Agroup of leading information technology companies, called the Unicode Consortium,
is standardizing Khmer script into a format that will allow Cambodians with no foreign
language skills to utilize the world of computer technology.
Students are taught how to type in Khmer using Unicode at the Open-Society Khmer Software Initiative.
The Unicode group, which includes companies such as Apple, IBM and Microsoft, is
creating an international-standard, computer-friendly Khmer script that, experts
say, will revolutionize the way Cambodians interface with computers, and eventually
transform the way the country's business is conducted.
"Now you have to speak English to use a computer," said Hay Chanthah, computer
technician at the Center for Social Development (CSD). "Unicode will change
With applications including banking services, national elections and mobile-phone
text messages in Khmer, Unicode's implementation appears poised to make a crucial
contribution to Cambodia's overall development.
"What Unicode does is reduce the digital divide," said Javier Sola, coordinator
of the Khmer Software Initiative of the Open Institute. "Now, you have an elite
who can speak English and use a computer but everyone else can do neither. The first
divide is language, then it gets bigger with technology. So if you take out the language
divide you allow everyone to use technology. This will improve access to the job
market as you will only need computer skills, not English language skills, for many
With unemployment in the national and political spotlight, Unicode implementation
could mean more jobs for Cambodia's young job-seekers.
"A country can only advance using its own language," said Sola. "You
can't expect a country to adopt the language of technology. Technological advances
come through the local language and standardization."
Unicode provides a unique, readable number for every character, no matter what the
platform, program, or language. Before Unicode arrived in Cambodia in 1996, people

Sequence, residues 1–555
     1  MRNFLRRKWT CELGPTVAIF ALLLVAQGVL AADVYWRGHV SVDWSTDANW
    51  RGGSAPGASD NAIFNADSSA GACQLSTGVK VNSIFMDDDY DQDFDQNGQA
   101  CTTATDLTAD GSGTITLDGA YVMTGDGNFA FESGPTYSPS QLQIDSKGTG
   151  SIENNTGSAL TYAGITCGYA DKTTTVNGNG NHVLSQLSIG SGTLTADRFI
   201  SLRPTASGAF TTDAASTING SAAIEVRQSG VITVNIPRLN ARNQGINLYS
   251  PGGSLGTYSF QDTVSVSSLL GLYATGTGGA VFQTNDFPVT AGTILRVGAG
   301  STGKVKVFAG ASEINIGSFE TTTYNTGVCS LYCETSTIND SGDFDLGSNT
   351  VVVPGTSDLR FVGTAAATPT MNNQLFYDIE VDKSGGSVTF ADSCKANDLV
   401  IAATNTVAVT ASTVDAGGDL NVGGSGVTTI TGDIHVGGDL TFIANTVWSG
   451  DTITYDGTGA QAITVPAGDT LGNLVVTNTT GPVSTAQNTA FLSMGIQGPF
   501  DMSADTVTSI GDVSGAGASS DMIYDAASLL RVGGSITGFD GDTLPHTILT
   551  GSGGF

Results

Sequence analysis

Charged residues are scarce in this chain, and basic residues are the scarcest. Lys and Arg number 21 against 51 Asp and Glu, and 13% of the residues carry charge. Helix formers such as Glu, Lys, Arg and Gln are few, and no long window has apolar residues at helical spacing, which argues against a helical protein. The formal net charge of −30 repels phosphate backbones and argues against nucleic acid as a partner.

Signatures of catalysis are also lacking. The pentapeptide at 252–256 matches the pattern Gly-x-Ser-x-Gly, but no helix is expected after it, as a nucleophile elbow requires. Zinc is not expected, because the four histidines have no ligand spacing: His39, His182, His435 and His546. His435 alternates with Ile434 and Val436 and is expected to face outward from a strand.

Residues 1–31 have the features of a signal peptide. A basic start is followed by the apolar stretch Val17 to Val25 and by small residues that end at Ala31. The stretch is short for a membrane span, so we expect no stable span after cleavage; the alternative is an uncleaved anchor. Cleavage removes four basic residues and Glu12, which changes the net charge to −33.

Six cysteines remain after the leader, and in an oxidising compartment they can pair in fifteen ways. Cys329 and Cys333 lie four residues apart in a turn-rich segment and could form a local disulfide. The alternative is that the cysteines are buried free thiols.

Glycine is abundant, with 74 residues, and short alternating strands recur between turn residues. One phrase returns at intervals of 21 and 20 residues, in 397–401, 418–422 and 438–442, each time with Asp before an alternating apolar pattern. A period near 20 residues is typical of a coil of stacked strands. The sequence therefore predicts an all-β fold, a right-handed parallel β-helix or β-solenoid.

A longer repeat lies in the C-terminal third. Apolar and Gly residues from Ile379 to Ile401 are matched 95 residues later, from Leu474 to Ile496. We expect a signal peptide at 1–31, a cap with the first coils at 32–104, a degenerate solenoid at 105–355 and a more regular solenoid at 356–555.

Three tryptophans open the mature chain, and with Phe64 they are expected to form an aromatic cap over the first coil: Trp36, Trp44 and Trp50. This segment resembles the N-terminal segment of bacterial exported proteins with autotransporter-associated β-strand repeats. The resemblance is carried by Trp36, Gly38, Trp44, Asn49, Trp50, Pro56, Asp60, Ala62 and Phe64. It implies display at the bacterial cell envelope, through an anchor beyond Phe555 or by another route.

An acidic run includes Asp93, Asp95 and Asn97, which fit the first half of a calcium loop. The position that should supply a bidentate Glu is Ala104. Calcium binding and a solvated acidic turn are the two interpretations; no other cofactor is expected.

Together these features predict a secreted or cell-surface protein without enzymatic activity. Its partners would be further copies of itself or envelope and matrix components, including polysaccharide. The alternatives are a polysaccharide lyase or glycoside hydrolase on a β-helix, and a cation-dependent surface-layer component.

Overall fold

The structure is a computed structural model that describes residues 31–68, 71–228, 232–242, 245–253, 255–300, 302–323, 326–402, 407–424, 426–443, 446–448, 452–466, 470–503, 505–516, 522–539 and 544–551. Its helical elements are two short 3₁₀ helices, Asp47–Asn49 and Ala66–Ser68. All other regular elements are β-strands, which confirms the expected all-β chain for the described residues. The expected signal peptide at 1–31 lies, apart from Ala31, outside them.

and organizations followed more than 30 different ways of encoding the font for Khmer
"They used their own encoding systems and there was no standardization, which
caused chaos," Sola said.
As recent Unicode demonstrations have proven, the speed at which Khmer can be typed
has been dramatically increased.
"If you type two documents - one in [old-style computerized Khmer] and one in
Unicode - the Unicode one would be finished much faster," Chanthah said. "Unicode
means you don't have to keep pressing shift, control, alt [to create a word], you
Pre-Unicode computerized Khmer scripts - known collectively as "legacy"
fonts - required the typist to press a complex series of shortcut keystrokes to create
a single Khmer character.
"Before, you had to manually enter each piece of each character," said
Chea Sok Huor, project manager, PAN Localization Cambodia. "Now, the software
creates the characters as you type."
Unicode has transformed computerized Khmer into an actual script, not just a string
of pictographic representations of characters as was the case with legacy fonts.
"Khmer Google can find Khmer sites but only if they are typed in Unicode,"
said Sok Huor. "Unicode made it possible to develop a 'sorting tool' for computerized
Khmer script. Last year, the National Election Committee used this to sort the register
of names alphabetically."
This kind of technological advance will revolutionize more than just computer use
in Cambodia, said Sok Huor.
"We want to do SMS [text messages] in Khmer," he said. "Now, we can
send pictures but not writing. But this will change."
Implementing Unicode does present challenges. The switch from legacy fonts means
a different way of typing and requires nonstandard keyboard engraving, which is a
hardware modification, Sola said.
"It is difficult to get people to give up the old as there are people who will
have to relearn how to type," he said. "The Unicode keyboard was designed
so that the change would not be so big - simplicity in change was a big part of the
Some large companies now operating with legacy fonts have shown initial reluctance
to use the Unicode format.
"Banks and institutions often use legacy fonts," Chanthah said. "In
some companies they just set the font for the entire company. Their keyboards are
set up that way, so to change will take time."
Yet the PAN localization program has created a "user friendly" way of converting
document written in Legacy fonts to Unicode, said Sok Huer.
"We now have 145 fonts that we can convert," he said. "And if someone
has a font that they can't convert, they should send it to us and within a week we
can convert it."